The BBC have just sent a bailiff to serve a statutory demand on Christian activist Stephen Green in respect of Mark Thompson's costs of £55,000 in the Jerry Springer the Opera case.
The demand could see Green made bankrupt and homeless.
The High Court ruled last December that Stephen Green could not prosecute Mark Thompson, the Director General of the BBC, and Jonathan Thoday of Avalon over the BBC2 broadcast of Jerry Springer the Opera and its subsequent theatre tour. The Court ordered costs against him.
Mark Thompson and Jonathan Thoday were awarded costs totalling £90,000 against Green, who is the National Director of the prayer and lobby group Christian Voice. The BBC's solicitors were awarded £55,000 and Olswangs Solicitors, who acted for Thoday, got an order for £35,000.
The costs order is better than it could have been; the BBC originally demanded almost £78,000 after instructing David Pannick QC, probably the most expensive barrister they could find, while Thoday wanted over £58,000.
Last month, Stephen Green wrote to both Mark Thompson and Jonathan Thoday inviting them to waive their costs in the interests of goodwill and justice. The appeal to the better nature of Thompson has fallen on deaf ears.
Thompson screened Jerry Springer the Opera on BBC2 in January 2005, attracting 55,000 protests, and the show itself ran at the Cambridge Theatre in
before Avalon sent it on a badly-attended tour in 2006 over which Thoday said he lost £500,000.
Stephen Green, who brought the action over Jerry Springer the Opera in his own name, said today:
'Jerry Springer the Opera portrayed Jesus Christ as a nappy-wearing sexual deviant, who said he was 'a little bit gay'. It called Mary a rape victim, said the birth of Jesus was because 'the condom split', ridiculed His wounds on the cross and the sacrament of Holy Communion, had God as an ineffectual old man who needed guidance from Jerry Springer and finished up with Springer as a counterfeit saviour of mankind who told Jesus to "Grow up for Christ's sake and put some f***ing clothes on."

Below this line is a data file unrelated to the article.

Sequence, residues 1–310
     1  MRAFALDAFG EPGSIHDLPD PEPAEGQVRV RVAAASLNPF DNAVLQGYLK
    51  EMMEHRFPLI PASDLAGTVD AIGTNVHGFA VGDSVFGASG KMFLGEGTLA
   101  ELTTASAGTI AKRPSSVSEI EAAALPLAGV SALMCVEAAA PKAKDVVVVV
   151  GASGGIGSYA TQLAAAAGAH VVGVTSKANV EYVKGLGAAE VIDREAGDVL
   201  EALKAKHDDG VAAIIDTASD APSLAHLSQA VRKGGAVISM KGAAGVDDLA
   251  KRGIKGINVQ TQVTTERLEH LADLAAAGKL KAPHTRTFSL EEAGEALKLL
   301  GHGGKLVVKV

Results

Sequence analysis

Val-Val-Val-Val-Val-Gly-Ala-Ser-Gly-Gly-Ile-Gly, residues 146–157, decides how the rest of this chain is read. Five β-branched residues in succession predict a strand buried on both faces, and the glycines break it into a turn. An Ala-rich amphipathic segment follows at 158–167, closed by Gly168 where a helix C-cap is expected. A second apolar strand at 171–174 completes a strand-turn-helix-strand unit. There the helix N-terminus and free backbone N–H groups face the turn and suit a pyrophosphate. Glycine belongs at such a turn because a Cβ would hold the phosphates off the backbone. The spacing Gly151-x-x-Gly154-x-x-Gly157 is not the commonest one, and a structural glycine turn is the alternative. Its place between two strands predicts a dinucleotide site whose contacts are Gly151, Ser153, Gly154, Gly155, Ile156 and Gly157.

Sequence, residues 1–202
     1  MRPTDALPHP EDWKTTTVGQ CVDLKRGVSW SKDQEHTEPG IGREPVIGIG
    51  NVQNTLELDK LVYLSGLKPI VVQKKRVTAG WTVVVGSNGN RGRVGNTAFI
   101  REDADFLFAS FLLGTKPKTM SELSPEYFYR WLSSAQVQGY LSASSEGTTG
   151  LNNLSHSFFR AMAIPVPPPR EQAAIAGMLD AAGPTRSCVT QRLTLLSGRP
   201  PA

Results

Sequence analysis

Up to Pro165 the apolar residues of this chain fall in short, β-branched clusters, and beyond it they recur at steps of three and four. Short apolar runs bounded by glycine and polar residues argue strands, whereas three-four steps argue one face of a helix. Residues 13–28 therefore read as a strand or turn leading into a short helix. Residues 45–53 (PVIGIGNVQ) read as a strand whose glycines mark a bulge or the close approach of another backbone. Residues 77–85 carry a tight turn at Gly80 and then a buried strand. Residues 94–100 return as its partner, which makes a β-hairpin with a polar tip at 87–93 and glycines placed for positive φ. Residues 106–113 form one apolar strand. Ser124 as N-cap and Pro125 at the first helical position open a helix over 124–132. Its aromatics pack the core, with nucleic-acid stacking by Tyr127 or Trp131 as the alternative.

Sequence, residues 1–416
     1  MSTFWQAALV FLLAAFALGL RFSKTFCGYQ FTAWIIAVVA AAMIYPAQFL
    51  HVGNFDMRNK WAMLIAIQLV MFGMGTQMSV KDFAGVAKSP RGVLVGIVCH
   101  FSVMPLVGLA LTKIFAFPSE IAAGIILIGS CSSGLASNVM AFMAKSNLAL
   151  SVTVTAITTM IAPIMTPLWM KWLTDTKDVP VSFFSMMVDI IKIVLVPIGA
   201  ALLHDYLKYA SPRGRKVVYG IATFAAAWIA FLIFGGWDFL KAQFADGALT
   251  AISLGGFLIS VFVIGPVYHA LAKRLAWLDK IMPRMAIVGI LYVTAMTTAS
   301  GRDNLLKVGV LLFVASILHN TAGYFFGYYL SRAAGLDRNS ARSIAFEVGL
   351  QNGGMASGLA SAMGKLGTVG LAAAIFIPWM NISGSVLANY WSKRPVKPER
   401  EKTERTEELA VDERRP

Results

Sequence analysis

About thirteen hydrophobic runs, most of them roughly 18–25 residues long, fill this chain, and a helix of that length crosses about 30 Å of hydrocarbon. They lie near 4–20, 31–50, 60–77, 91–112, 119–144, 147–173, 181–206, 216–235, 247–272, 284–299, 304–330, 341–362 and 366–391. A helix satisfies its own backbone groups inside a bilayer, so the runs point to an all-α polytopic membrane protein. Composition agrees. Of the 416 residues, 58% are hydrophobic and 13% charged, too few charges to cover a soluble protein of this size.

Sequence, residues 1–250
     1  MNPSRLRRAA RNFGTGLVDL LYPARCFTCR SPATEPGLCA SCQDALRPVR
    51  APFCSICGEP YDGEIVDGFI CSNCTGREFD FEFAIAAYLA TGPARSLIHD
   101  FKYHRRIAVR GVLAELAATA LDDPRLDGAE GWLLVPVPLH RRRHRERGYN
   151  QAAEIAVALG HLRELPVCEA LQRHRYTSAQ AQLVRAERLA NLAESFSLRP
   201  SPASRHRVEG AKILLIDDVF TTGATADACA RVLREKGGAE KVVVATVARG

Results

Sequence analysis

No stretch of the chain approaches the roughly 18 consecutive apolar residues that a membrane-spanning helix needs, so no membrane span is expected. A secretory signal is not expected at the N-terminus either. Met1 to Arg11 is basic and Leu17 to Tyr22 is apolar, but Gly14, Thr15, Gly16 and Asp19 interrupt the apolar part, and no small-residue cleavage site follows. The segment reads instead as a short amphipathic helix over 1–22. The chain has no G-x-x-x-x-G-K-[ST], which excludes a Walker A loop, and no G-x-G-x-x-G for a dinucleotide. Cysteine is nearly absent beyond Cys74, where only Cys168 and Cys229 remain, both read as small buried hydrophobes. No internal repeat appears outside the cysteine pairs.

'It should be enough for Mark Thompson and Jonathan Thoday that they got away with blasphemy, insulting God and the Lord Jesus Christ, at least in this life. For these rich, powerful men to pursue me into the bankruptcy courts over money I don't have would be vindictive.'
Both sets of solicitors have also threatened to chase the donors who gave the money for the original action, but it is far from clear that a court would allow that. Even if it did, Green is adamant that he will protect the donors' identity, even if that puts him in contempt of court.
'I should go to prison rather than reveal their names, even if I could remember who they were,' he told both Thompson and Thoday.
The BBC is currently wasting £18million a year on a Gaelic TV channel, £150million on BBC3 and BBC4, its well-heeled bosses spent millions changing their logo and they have just splashed out £550,000 on a completely unnecessary rebrand of the News. They have been in the public eye recently over the obscene sums of money they are paying presenters, with Jonathan Ross getting £18million for a three year contract. The BBC accounts show Mark Thompson was paid over £800,000 last year, an amount per year almost 25 times as much as Green is worth.
Stephen Green continued: 'Mark Thompson could easily pay his own costs out of his inflated salary, and the BBC certainly would never notice the odd £55,000 alongside the money they squander on a daily basis.
'I do not have the money anyway, and will end up bankrupt and homeless if Thompson continues with to try to enforce these punitive costs.'